Forest management is a lot more complex than "see it, fell it, move on to the next mountain". Particularly if you don't have a next mountain to move on to.

Comment Re: Lots of children have the wrong DNA. (Score 1) 234

It seemes very reasonable to suggest that

any concept supported by claims as strong as "It seemes very reasonable to suggest that ..." is screaming out to be tested, because if there's one thing we know about people, it's that people are very good at fooling other people. That is why the professions of "confidence trickster" and "politician" exist.

Where I'd look for data would be cases where the volition of the (putative) parents isn't involved in selecting the children to be tested - when checking siblings (cousins, IIRC going further out isn't much better than random chance) as organ or particularly bone marrow donors for a victim.

Good luck getting your proposal to access such data past the ethics committee.

Comment Re:Bullshit, Todd. (Score 1) 234

Nobody was forcing them to be parents. They were prepared to be parents and take the financial and emotional responsibility... that was the whole point of the procedure.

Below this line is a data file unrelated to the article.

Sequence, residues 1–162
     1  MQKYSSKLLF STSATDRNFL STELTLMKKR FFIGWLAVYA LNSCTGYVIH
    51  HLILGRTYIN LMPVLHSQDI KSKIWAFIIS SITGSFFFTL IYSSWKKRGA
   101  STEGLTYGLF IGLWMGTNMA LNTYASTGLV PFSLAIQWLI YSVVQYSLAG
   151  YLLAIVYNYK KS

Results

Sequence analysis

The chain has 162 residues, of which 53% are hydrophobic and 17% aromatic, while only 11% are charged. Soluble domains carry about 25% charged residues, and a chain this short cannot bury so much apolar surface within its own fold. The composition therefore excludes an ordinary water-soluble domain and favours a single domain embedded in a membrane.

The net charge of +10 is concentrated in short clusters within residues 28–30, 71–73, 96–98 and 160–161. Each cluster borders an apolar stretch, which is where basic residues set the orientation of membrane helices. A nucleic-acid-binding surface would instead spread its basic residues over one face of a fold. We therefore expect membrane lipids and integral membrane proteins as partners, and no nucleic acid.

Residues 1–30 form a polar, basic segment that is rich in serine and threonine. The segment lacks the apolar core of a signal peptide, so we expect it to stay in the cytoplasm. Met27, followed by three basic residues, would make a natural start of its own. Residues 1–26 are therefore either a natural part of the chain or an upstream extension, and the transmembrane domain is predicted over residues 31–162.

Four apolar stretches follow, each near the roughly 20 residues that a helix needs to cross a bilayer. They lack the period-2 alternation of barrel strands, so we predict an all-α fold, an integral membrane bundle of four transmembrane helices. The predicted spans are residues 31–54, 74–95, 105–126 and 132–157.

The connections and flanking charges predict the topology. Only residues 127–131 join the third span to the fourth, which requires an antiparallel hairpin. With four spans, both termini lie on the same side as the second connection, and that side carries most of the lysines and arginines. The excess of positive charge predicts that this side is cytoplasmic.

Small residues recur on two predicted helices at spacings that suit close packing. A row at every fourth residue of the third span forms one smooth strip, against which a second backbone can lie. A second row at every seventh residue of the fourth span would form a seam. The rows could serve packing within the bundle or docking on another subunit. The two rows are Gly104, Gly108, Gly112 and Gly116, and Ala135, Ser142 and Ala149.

Yes, for a child born of their own genes. There are numerous disadvantages to raising a child who is not of your own genes. Such offspring is much less likely to be successful in every way due to a number of factors. Your offspring literally inherits traits you gained during your lifetime. This is important for creating rapport between parent and offspring. Keep in mind that it's a typical instinct for an ape to kill all the offspring of other males when he takes over a female.

Comment Re:How much CO2? (Score 1) 241

It's not that much. The US military (and presumably others) has been experimenting with artificially creating cloud cover for decades. Conspiracy theories aside, there are a couple of relevant patents. One of them basically involves special afterburners, and the other one involves spraying metallics (just like the conspiracy theorists said, whee!)